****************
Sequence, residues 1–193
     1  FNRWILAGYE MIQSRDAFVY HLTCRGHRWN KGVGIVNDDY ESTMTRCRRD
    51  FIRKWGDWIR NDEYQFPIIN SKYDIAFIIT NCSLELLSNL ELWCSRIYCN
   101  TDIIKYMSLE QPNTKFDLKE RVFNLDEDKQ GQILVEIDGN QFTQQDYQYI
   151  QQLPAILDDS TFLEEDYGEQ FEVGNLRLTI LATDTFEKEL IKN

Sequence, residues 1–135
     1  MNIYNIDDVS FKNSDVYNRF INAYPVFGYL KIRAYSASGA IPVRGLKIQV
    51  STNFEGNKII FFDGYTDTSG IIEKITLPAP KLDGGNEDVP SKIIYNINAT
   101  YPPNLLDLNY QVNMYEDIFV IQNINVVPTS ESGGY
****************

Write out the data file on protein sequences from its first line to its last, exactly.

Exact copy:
Sequence, residues 1–193
     1  FNRWILAGYE MIQSRDAFVY HLTCRGHRWN KGVGIVNDDY ESTMTRCRRD
    51  FIRKWGDWIR NDEYQFPIIN SKYDIAFIIT NCSLELLSNL ELWCSRIYCN
   101  TDIIKYMSLE QPNTKFDLKE RVFNLDEDKQ GQILVEIDGN QFTQQDYQYI
   151  QQLPAILDDS TFLEEDYGEQ FEVGNLRLTI LATDTFEKEL IKN

Sequence, residues 1–135
     1  MNIYNIDDVS FKNSDVYNRF INAYPVFGYL KIRAYSASGA IPVRGLKIQV
    51  STNFEGNKII FFDGYTDTSG IIEKITLPAP KLDGGNEDVP SKIIYNINAT
   101  YPPNLLDLNY QVNMYEDIFV IQNINVVPTS ESGGY